Orange track markers
I have never liked DOC’s imperious little orange triangle track markers, always preferring the serviceable permolat oblongs that had hitherto guided me along tracks and routes. My colour-blind friend Scott can’t distinguish orange triangles from the surrounding greenery, so I wasn’t alone in feeling aggrieved by their introduction. My opinion was reinforced the other month when fellow Patunamu Tramping Club member, Claudia, and I headed down the Princhester Track in the dark. Neither my bright LED headlamp, nor Claudia’s dim LED torch, could successfully illuminate the sparse triangles.
Upon reflection, there’s a scientific reason for this: white LED bulbs utilise a blue LED to excite (a technical word in this context) a yellow phosphor coating that in turn emits photons at a number of frequencies visible to our eyes, so as to imitate white light. However, the specific frequencies emitted by the phosphor don’t match those reflected by orange markers, so the triangles sulk against the tree trunks unless the illumination is bright enough that you can see in colour. Deer have this problem all the time, as the receptors in their eyes are not sensitive to orange, which is why bright orange hunters’ jackets don’t stand out to them. Clearly deer don’t follow DOC track markers when they amble along DOC tracks. (Human eyes are doubly sensitive to orange, which is the other reason why hunters wear orange).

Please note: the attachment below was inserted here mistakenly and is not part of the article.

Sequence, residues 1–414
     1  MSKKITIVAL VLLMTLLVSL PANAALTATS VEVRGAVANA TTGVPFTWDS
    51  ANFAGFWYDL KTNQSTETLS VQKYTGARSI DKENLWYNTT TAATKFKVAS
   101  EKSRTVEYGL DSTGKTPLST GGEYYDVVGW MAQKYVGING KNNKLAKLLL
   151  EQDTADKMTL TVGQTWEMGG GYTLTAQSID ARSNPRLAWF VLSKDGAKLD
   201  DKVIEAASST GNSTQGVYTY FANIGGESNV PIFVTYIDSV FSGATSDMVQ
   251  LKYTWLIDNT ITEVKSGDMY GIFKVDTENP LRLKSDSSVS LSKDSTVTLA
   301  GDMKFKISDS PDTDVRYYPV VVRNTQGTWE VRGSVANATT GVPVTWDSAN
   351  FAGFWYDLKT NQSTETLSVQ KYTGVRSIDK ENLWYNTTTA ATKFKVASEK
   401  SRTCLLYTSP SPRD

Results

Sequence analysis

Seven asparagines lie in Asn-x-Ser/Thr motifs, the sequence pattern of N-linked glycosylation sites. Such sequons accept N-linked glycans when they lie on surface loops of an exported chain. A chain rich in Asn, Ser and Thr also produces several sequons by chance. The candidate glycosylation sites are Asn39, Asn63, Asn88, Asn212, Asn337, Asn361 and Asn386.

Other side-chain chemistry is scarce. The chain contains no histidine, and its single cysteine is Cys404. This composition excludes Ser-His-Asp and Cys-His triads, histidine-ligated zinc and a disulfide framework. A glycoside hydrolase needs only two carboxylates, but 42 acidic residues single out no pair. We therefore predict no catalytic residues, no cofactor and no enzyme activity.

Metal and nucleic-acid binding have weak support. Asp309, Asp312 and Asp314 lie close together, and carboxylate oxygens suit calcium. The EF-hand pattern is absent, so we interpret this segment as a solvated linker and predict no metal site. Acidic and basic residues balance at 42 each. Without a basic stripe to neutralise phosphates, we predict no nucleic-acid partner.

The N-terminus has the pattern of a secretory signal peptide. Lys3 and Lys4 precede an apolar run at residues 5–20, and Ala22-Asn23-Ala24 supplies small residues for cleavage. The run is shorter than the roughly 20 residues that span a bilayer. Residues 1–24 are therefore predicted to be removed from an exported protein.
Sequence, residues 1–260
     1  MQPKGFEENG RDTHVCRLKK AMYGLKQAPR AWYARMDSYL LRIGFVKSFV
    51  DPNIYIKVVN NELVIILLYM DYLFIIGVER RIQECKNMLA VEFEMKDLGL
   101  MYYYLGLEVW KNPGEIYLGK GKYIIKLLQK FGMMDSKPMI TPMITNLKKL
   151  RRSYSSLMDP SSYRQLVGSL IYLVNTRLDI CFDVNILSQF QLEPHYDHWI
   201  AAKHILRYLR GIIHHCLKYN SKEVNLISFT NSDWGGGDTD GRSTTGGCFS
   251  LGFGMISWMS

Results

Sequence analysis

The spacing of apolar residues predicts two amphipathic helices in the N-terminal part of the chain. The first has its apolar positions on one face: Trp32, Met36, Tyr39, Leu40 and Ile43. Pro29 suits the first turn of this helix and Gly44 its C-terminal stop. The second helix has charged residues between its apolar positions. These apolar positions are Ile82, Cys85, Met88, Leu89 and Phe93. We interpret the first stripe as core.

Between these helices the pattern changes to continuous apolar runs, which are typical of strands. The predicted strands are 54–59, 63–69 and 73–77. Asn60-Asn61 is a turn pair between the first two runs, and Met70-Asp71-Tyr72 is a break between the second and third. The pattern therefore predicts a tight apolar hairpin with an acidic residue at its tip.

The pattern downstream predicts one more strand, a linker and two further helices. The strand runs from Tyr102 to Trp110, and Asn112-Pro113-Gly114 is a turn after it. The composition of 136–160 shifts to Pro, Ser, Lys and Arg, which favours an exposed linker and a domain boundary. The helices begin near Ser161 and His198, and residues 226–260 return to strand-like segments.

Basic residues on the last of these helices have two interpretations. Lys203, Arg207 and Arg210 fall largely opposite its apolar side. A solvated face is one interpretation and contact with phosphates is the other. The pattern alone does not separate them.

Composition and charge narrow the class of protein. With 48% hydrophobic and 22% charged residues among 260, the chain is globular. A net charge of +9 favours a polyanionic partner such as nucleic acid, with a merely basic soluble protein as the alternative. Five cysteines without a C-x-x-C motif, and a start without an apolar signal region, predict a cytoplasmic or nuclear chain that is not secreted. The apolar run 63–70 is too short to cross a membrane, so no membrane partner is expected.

What to do? It turns out that in some parts of the country, hunters have long known about this shortcoming and stick reflective stickers on the triangles on routes that they can expect to regularly follow in the dark. Another Patunamu Tramping Club member, Gaz, has a mountain bike light that cost him a fortune. It solves the problem with brute force, being so bright that you can read a map lit by its reflection off distant snowfields, but most of us can’t afford that luxury. Reverting to real white light headlamps lit by incandescent bulbs is on no-one’s agenda. You could take a soldering iron to your torch and somewhat improve red/orange performance by substituting a ‘warm white’ led diode for the much more efficient ‘cool white’ diode fitted – well, maybe not.
In my last column, I mangled my words to imply that Kennedy Warne was tramping with Aat Vervoorn’s daughter. No, he was tramping with his own daughter. I apologise for the confusion.